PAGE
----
Another in our series of interviews with Baltimore’s policy makers, old and new, about how best to address poverty in Baltimore.
Frederick Barton “Bart” Harvey III, former chairman and CEO of Enterprise Community Partners, has been forging a path out of poverty for low-income families through affordable, decent housing for decades. After graduating from Harvard University and Harvard Business School, the Gilman alum (class of ’67) spent ten years on Wall Street in corporate finance with Dean Witter. In 1984, he took a six-month sabbatical to work with Jim Rouse, volunteering with the Enterprise Foundation. He took a job at the foundation and never looked back.
Today he is recognized as a leader in national housing policy. With his mentor Rouse, Harvey helped create the Low-Income Housing Tax Credit, which provides financing for affordable rental homes, and he led Enterprise’s launch of the Green Communities initiative – a green building program for low-income housing.
With Harvey at the helm, Enterprise invested millions of dollars in the Sandtown-Winchester neighborhood where Freddie Gray grew up and was arrested. Results of the efforts have been mixed.
Since his retirement from Enterprise in 2008, Bart has served on the board of directors at Fannie Mae and currently presides as the chairman of the board of Calvert Social Investment Foundation. He lives in Baltimore city with his family.
Baltimore’s leaders have been working on these issues for decades. What has your role been?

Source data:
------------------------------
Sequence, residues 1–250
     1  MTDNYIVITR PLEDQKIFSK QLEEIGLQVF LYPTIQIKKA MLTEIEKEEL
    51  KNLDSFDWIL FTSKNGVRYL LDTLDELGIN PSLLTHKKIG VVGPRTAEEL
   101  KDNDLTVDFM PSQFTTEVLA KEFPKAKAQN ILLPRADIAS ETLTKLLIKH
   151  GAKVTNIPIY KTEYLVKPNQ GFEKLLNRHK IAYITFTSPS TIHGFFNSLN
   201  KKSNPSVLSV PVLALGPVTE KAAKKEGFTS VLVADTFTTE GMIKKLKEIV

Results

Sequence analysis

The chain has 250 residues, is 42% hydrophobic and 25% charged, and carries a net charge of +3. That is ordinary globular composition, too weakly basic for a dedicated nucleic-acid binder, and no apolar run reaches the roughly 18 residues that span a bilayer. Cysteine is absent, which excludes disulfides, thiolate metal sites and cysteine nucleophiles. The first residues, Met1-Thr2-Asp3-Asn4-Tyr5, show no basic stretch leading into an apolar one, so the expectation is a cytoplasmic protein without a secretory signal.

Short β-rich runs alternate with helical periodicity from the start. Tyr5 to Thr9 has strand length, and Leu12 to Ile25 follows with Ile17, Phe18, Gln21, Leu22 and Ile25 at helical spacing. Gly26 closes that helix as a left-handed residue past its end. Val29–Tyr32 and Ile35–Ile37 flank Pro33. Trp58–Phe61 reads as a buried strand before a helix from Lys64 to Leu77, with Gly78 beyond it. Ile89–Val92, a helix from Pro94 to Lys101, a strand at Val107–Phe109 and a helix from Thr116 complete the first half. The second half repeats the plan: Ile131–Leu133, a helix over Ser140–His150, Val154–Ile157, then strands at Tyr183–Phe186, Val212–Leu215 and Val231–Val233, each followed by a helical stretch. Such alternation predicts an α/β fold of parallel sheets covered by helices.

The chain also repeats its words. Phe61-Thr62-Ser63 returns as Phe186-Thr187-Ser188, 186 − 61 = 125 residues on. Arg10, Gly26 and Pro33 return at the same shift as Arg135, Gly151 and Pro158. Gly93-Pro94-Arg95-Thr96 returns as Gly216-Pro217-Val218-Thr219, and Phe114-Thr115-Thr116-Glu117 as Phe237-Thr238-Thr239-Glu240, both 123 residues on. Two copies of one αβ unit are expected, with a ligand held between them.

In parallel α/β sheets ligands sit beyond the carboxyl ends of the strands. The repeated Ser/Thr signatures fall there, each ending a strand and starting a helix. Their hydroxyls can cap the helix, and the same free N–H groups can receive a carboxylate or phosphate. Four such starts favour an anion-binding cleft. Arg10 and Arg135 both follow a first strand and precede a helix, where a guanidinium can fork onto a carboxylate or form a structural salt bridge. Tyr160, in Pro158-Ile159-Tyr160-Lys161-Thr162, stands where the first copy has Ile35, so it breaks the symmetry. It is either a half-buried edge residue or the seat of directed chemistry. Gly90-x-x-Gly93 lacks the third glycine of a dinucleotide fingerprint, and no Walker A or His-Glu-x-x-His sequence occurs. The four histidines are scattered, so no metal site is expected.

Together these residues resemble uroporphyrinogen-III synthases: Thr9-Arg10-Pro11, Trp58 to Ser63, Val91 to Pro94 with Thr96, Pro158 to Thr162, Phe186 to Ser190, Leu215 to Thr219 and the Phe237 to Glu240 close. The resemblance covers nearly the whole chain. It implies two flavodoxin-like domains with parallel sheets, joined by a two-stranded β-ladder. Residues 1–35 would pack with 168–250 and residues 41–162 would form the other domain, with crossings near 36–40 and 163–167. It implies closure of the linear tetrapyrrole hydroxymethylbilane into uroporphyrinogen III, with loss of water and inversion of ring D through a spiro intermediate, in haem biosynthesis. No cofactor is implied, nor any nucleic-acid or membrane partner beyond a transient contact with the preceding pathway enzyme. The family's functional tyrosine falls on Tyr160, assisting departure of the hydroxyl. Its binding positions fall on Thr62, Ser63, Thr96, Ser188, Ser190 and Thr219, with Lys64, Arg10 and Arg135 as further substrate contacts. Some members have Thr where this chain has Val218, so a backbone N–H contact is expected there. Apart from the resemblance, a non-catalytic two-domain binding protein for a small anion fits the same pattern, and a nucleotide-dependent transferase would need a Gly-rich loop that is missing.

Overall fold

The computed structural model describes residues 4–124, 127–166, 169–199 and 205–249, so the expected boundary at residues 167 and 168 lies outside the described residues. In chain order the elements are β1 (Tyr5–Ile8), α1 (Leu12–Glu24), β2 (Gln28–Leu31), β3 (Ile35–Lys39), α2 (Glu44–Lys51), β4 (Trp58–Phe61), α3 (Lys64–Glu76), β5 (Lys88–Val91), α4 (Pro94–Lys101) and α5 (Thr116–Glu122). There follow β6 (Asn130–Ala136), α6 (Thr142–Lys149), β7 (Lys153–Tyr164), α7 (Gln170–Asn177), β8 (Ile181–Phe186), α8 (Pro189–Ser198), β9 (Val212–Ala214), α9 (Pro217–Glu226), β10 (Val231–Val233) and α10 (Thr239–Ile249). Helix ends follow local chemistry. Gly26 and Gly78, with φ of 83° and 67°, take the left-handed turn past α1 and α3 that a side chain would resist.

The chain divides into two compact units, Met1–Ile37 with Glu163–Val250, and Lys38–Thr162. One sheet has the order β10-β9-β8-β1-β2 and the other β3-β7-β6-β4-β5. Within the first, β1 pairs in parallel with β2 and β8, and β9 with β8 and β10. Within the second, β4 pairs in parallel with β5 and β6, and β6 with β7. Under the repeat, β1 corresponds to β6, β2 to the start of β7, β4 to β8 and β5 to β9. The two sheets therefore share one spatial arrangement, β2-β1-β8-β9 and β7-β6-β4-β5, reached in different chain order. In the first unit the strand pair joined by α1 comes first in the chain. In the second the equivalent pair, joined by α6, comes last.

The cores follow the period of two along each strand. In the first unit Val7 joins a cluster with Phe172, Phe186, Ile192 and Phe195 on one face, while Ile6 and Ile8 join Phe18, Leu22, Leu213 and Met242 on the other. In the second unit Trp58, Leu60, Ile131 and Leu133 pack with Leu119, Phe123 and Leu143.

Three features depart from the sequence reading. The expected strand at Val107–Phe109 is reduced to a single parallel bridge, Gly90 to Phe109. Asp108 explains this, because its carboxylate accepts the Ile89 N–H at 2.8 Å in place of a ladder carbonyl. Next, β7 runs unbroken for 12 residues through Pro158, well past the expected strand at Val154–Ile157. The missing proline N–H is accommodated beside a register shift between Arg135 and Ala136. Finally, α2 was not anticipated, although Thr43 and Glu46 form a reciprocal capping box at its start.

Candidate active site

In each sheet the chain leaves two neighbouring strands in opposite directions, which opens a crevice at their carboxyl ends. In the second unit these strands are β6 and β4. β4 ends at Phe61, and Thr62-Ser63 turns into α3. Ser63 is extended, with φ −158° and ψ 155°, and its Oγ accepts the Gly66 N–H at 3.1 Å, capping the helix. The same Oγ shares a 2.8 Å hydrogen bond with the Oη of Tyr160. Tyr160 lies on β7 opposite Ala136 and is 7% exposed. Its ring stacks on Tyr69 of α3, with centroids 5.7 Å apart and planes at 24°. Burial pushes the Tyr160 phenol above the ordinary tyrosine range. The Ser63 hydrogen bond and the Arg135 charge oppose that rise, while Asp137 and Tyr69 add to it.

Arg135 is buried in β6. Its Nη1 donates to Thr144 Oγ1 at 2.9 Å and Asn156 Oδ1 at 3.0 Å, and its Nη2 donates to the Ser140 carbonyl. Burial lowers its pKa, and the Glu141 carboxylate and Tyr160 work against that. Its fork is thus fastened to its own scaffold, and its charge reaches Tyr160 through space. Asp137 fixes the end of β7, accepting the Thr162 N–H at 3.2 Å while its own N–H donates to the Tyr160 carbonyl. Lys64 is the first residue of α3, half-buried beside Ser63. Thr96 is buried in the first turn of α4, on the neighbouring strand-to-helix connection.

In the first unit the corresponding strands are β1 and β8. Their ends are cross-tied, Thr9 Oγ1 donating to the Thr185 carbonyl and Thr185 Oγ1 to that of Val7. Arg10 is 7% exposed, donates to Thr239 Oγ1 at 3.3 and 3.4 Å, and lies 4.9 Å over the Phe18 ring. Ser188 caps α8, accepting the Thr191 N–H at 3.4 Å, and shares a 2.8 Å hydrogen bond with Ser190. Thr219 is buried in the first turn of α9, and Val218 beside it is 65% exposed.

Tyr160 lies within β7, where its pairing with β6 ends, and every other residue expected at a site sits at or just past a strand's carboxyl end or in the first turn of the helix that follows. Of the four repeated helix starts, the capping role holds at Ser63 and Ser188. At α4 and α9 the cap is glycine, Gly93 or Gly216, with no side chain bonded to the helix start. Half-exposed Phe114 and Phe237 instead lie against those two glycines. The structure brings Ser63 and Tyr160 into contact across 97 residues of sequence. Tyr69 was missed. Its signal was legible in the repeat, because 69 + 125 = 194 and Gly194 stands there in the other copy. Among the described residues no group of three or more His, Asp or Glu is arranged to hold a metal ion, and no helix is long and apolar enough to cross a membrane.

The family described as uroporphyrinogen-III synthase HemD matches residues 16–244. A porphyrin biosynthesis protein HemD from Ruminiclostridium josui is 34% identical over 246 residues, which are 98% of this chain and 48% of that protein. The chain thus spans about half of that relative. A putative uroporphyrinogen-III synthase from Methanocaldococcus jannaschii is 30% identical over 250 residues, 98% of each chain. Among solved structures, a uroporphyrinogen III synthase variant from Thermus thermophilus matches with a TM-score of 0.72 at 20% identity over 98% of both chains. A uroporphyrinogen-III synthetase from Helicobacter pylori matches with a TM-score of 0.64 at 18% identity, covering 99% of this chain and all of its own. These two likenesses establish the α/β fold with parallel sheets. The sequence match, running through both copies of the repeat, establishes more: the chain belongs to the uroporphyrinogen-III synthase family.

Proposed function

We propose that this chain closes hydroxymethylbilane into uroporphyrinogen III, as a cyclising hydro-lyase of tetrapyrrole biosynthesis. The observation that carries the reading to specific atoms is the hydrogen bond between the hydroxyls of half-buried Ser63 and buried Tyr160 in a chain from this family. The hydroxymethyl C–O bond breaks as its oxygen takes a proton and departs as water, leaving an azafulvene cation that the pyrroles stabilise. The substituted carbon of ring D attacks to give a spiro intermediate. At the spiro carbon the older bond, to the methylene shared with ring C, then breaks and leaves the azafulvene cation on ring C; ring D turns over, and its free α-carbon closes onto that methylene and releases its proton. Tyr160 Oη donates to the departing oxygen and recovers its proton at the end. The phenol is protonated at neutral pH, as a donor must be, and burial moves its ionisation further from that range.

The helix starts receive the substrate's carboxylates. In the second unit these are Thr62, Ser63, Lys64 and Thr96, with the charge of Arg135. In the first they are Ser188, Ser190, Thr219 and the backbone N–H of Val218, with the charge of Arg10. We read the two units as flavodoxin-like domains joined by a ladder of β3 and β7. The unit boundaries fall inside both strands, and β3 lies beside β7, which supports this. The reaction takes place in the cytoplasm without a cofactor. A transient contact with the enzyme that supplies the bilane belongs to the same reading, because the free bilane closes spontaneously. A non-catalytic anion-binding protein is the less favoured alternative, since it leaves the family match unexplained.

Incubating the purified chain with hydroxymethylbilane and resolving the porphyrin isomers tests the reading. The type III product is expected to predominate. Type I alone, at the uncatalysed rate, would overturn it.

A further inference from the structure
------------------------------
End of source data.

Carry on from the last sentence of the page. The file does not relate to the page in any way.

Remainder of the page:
Starting in the mid 1980s, Enterprise Foundation and Enterprise Social Investment Corporation have been collaborating with developers, civic and religious leaders, community development nonprofits, and elected officials to achieve urban renewal in Baltimore. Enterprise’s goal has been to create better housing for Baltimore’s low and very low-income citizens by providing financing, expertise and a strong voice in the city. Using the principle of helping the underserved help themselves, we tried to create opportunities for individuals to achieve safe, secure, affordable housing for themselves through creative financing and business models. Leveraging public funds with private funds, and working with inner-city nonprofits, we raised over $10 billion in private sector equity and grants to help produce over 250,000 homes across the country for low and very low-income households including homeless and special needs housing.
In Baltimore specifically, we partnered with over a dozen community development groups with the goal of building better communities through affordable, decent housing, schools that work, and reduced crime. In Sandtown-Winchester alone, The Enterprise Foundation built directly or helped sponsor about 550 homes with an investment of about $58 million. Those homes are still there, creating a solid housing base in the neighborhood. Additionally, working with the schools in that neighborhood, we were able to make great improvements, changing their ranking from third worst in the state of Maryland to within the top one-third in the state. We instituted a program for learning at home with a parent-child education model, called the HIPPY model, which strengthens the child’s chance of educational success by improving the educational strength of the parents. We also focused on substance abuse with pregnant mothers, advancing peer education for better effectiveness.